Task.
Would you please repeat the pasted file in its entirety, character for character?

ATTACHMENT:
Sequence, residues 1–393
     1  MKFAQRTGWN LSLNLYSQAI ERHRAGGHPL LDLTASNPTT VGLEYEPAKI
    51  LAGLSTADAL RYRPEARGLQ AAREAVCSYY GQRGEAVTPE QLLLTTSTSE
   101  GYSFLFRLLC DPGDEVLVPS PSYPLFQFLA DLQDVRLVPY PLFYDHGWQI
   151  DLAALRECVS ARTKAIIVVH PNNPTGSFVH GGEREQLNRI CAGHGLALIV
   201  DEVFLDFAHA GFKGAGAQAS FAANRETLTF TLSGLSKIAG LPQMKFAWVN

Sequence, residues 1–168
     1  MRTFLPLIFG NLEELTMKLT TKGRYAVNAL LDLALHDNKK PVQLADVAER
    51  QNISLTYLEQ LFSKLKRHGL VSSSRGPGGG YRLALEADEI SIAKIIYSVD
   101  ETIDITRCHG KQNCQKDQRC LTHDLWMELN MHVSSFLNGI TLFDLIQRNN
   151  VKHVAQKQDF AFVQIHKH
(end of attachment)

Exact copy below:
Sequence, residues 1–393
     1  MKFAQRTGWN LSLNLYSQAI ERHRAGGHPL LDLTASNPTT VGLEYEPAKI
    51  LAGLSTADAL RYRPEARGLQ AAREAVCSYY GQRGEAVTPE QLLLTTSTSE
   101  GYSFLFRLLC DPGDEVLVPS PSYPLFQFLA DLQDVRLVPY PLFYDHGWQI
   151  DLAALRECVS ARTKAIIVVH PNNPTGSFVH GGEREQLNRI CAGHGLALIV
   201  DEVFLDFAHA GFKGAGAQAS FAANRETLTF TLSGLSKIAG LPQMKFAWVN

Sequence, residues 1–168
     1  MRTFLPLIFG NLEELTMKLT TKGRYAVNAL LDLALHDNKK PVQLADVAER
    51  QNISLTYLEQ LFSKLKRHGL VSSSRGPGGG YRLALEADEI SIAKIIYSVD
   101  ETIDITRCHG KQNCQKDQRC LTHDLWMELN MHVSSFLNGI TLFDLIQRNN
   151  VKHVAQKQDF AFVQIHKH